In calling for huge amounts of new spending and regulation, Warren is joined even by supposedly forward-looking, business-savvy candidates such as Andrew Yang, whose 21st-century cabinet would include a Department of the Attention Economy, which would dictate policy and business strategy to social media companies. Each of the Democratic candidates also supports some version of The Green New Deal, which uses environmental end-of-days hysteria to sell every jobs, housing, and health care plan floated by progressives over the past 50 years.
Just a few decades ago, the future was supposed to be about radically decentralizing power to "end users" in distributed networks. That dream is almost completely missing from any of the Democrats' platforms. In highly attenuated form, it flickers on in Andrew Yang's unaffordable universal basic income plan, which would gift unrestricted cash grants to every American adult. It lives on, too, barely, in Cory Booker's tepid support for charter schools, but the big idea of giving individuals more freedom in how to run their lives and businesses has taken a back seat to command-and-control policies that give a bigger-and-bigger federal government more say in every decision we might make.
Of course, neither Donald Trump nor the Republicans offer much to libertarians, despite historical reliance on libertrarian rhetoric about life, liberty, and the pursuit of happiness and nominal support for minimal government. In fact, under Trump, the GOP has become the party of trade barriers and immigration restriction while continuing to load up on debt and deficits. Such policies work against, if not completely negate, whatever successful deregulation and tax reform has happened. Whether he realizes it or not, the president is acting like the Hickey character in Eugene O'Neill's The Iceman Cometh, shredding all our illusions by forcing us to confront the vast gap between our rhetorical dreams and lived realities. Certainly, he's revealed that Republicans, who couldn't stop talking (rightly) about the negative effects of debt and executive branch overreach during Obama's tenure, to be unprincipled worshippers of power.
If The New York Times is right, Trump and whatever Democrat ends up with the brass ring next spring can bank on one-third of the electorate. What of the remaining 33 percent? Many, maybe most, will doubtless be swayed by the literal and figurative handouts each side will offer: Here's free healthcare, free college, free birth control, free whatever. Vote for me. Here's more money if you have kids or own a house. Here's a way of pissing off coastal elites, of keeping factory jobs in the country and of keeping economic refugees from "shithole countries" out. Vote for me. Politics isn't that complicated, it's a tawdry slow dance between self-enrichment and contempt for the other side.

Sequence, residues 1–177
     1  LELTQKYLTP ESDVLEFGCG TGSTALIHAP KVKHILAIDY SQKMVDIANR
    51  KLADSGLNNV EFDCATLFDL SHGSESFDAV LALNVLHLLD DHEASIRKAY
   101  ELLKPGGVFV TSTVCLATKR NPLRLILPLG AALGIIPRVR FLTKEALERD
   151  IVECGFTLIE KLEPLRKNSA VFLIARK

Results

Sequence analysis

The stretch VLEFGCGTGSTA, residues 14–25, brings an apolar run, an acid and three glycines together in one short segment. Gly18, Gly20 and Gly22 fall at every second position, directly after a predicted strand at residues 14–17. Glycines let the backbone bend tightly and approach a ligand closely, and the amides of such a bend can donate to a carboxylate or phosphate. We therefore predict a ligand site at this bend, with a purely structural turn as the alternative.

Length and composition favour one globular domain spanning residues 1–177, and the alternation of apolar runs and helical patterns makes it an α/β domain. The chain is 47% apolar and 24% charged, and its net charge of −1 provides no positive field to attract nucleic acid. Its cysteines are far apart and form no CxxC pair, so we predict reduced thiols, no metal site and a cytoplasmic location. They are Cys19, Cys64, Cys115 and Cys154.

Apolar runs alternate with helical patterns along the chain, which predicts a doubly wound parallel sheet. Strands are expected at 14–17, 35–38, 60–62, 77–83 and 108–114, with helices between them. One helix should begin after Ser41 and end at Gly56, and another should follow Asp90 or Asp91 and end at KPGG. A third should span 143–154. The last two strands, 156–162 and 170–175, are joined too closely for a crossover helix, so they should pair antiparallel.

But then there are the libertarians among us, whom many insist simply don't exist. Yet according to Cato's polling director, Emily Ekins, somewhere between 7 percent and 22 percent of American voters can legitimately be called libertarian in that they broadly support economic freedom, civil liberties, and lifestyle pluralism. Only one of the last five presidential elections was decided by more than 7 percentage points of the popular vote, suggesting that libertarians can provide the winning edge even if we only exist in numbers to the low end of Ekins' assay. In fact, in 2016, the Libertarian Party (LP) candidate, former New Mexico Gov. Gary Johnson, pulled 3.3 percent of the popular vote, or more than the 2.1 percent margin between Hillary Clinton and Donald Trump. Unless independent Rep. Justin Amash of Michigan jumps into the LP race, the party's nominee is likely to be a virtual unknown almost certainly incapable of replicating Johnson's haul of nearly 4.5 million votes. Most of those votes, like mine, are up for grabs.
It's a lark, of course, to dream that any of the candidates on tonight's stage will start talking libertarian-friendly lines about economic freedom and individualism, just as it's nuts to expect Donald Trump to reverse himself about the ease and efficacy of trade wars and tariffs. But come the general election, my vote—and that of between 7 percent and 22 percent of the electorate—will still be in play and waiting to be won by a candidate who defends or at least pays respect to economic and civil liberties, individualism and free speech, and what Reason dubs "free minds and free markets." The wooing of the libertarian vote, if it's going to happen at all on the Democratic side, starts tonight.